Was today a blur? Can't quite remember where you went, what dark shadows you dipped in and out of? Not sure if you even saw the light?
If so, rest assured that this never has to happen to you again. But only if you agree to wear an electronic tag developed by Rensselaer Polytechnic Institute.
Enough facetiousness from us. We're not talking about any shady underworlds, lives of depravity, or dubious dens of iniquity.
We're talking literally about light. What else would you expect from a website called Lux? Light detection and correction and its importance to human health, in this case.
According to a story by the BBC, Rensselaer has come up with a means to ensure that the denizens of far northern climes in Sweden and similar latitudes expose themselves to enough proper light to maintain their mental and physical well-being during the dreary days of winter, when the sun might emerge for less than an hour.
The premise is that people need exposure to a certain amount of sunlight to keep their circadian rhythms in order, lest nasty things set in such as depression.
'Disruption of a regular, daily pattern of light and dark can lead to poor sleep, fatigue and decreased performance,' says Prof Mariana Figueiro of Rensselaer's Lighting Research Center. 'It can also contribute to poor health ranging from obesity, diabetes and cardiovascular disease to certain forms of cancer.'
With sunlight being in short supply in places like the far north of Sweden, scientists and tinkerers of all sorts have long experimented with light boxes and similar methods to make up the difference. For instance, a high school in Umea, Sweden is blasting classes with intense light to help keep students alert, motivated and achieving.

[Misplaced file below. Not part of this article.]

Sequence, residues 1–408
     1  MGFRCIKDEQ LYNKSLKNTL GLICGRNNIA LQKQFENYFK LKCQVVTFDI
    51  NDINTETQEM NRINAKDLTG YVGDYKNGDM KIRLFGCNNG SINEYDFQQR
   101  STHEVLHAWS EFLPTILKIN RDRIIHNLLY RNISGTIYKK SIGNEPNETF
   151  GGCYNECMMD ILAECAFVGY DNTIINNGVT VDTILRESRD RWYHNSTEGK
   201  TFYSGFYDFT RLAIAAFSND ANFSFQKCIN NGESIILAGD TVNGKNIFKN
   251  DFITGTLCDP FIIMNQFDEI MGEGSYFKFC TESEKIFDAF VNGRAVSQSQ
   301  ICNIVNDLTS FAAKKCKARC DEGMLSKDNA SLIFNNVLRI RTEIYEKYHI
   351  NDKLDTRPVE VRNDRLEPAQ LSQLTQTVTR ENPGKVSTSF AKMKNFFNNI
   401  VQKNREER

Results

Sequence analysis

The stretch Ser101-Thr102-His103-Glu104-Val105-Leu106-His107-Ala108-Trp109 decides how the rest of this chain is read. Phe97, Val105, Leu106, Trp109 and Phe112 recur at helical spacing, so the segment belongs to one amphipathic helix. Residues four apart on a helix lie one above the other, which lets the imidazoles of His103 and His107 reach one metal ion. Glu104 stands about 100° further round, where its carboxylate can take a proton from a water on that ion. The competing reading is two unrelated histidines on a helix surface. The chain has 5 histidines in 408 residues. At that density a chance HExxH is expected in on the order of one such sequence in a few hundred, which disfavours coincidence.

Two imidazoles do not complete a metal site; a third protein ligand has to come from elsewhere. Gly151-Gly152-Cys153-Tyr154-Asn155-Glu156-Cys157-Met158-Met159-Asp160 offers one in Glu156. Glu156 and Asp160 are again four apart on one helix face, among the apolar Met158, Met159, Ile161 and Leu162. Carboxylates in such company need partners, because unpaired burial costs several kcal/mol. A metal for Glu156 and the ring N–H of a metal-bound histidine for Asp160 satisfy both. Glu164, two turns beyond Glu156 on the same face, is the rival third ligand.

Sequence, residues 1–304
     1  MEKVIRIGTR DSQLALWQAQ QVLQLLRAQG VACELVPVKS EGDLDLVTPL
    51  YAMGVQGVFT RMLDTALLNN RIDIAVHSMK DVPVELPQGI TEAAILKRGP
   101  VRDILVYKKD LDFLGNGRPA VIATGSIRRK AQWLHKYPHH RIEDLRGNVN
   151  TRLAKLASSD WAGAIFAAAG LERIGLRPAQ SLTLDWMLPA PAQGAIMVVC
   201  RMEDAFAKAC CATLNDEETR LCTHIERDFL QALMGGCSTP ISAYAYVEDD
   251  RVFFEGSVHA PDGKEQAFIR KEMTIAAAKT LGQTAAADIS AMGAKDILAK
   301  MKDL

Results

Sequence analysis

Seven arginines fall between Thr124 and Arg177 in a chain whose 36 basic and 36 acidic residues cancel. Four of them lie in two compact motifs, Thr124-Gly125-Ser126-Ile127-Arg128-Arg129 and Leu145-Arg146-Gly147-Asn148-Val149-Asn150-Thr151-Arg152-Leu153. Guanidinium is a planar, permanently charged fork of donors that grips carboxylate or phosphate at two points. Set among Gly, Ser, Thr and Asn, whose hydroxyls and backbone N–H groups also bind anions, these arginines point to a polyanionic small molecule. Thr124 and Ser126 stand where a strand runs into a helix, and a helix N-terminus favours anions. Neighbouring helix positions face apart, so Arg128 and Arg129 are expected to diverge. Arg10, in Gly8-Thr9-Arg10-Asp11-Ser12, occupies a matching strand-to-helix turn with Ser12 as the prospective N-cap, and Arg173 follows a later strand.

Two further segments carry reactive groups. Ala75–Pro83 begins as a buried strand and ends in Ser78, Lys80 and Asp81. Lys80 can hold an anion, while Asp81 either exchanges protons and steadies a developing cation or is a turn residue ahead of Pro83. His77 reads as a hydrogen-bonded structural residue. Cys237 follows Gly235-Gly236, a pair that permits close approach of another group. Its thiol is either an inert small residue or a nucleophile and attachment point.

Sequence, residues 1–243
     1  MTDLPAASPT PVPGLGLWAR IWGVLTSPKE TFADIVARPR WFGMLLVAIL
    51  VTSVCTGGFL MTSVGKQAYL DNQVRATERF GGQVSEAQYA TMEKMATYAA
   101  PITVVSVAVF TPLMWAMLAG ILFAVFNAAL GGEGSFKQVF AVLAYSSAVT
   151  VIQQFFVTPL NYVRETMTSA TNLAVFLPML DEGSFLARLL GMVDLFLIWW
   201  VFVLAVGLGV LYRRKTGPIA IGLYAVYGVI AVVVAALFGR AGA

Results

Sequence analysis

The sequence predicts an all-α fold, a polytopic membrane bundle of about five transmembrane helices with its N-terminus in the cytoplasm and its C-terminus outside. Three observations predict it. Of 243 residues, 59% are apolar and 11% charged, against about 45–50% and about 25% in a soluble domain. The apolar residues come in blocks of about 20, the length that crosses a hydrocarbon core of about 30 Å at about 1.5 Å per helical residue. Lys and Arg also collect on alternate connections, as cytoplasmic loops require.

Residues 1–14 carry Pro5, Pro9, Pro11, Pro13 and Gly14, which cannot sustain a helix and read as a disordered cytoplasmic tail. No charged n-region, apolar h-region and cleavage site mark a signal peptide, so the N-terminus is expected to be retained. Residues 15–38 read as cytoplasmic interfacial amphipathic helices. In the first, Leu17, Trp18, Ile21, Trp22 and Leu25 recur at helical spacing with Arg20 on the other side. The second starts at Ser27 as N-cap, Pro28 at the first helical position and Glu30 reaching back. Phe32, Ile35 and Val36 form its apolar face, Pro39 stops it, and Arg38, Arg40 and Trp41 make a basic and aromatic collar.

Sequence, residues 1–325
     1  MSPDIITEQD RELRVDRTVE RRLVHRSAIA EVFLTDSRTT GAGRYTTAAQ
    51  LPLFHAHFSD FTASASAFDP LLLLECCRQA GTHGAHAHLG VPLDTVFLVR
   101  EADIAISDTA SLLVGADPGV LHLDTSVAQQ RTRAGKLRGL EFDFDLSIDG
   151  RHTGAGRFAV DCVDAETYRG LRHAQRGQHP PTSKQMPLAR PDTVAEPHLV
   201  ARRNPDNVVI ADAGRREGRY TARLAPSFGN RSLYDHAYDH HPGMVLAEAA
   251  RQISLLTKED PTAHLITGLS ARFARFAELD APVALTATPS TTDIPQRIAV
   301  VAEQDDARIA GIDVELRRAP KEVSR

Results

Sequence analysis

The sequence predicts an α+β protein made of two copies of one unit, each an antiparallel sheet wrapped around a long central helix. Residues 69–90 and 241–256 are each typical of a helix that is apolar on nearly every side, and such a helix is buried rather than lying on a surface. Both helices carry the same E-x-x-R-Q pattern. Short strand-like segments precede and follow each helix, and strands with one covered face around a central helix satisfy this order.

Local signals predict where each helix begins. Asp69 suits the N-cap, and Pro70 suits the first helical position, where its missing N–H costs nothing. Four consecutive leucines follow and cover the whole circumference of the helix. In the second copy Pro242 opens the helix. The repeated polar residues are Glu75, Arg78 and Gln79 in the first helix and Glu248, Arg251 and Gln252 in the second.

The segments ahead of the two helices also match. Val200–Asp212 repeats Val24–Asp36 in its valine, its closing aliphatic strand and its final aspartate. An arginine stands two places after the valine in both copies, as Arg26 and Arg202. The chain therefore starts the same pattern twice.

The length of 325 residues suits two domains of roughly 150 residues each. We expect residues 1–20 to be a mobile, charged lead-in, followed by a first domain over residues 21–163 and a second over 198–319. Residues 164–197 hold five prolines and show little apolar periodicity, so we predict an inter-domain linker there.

Rensselaer, based in Troy, NY, is now taking the concept to a new level that involves intelligent controls, sensors and a personal data collection device worn around the neck or as a bracelet, known as a Daysimeter. Prof Figueiro describes it as 'a personal light and activity sensor.'
The Daysimeter records how much sunlight has hit you over the course of your day. Figueiro and her team refer to the data as 'circadian light-dark patterns.' Arrive at home that night, and that information transmits to a hub, which ascertains exactly what you need: No, not a stiff drink, but an extra dose of light, which the hub then instructs your home's smart lamps to deliver.
Or maybe you were lucky enough to have absorbed your full quota of light earlier in the day, in which case the hub would leave you alone to have that drink after all, or jump in the sauna, or heck, even go for some moonlight cross-country skiing or something.
It's part of a 'healthy homes' project involving the Swedish governement.
As we have commented before at Lux, it's good to see the science of light-for-people advance. The Rensselaer system is promising.
But at the same time, we wonder about the privacy implications of a personal tag that follows you around all day long. This experiment in the dark, frosty north of Sweden could be a notable step forward in human well-being. Or it could turn into the spy that came in from the cold.
Photo is from Jaroslav Moravcik via Shutterstock
Shining more light on health:
- Swedish school hopes bright classroom lights boost student performance
- Health and happiness with this sun-like LED lamp?
- More lighting blues: Yes, gadgets are ruining our sleep
- Design lighting 'for the body, not just for the eyes'
- Light for well-being: We have a long way to go
- And now, natural light makes nurses laugh
- Windowless workers are losing sleep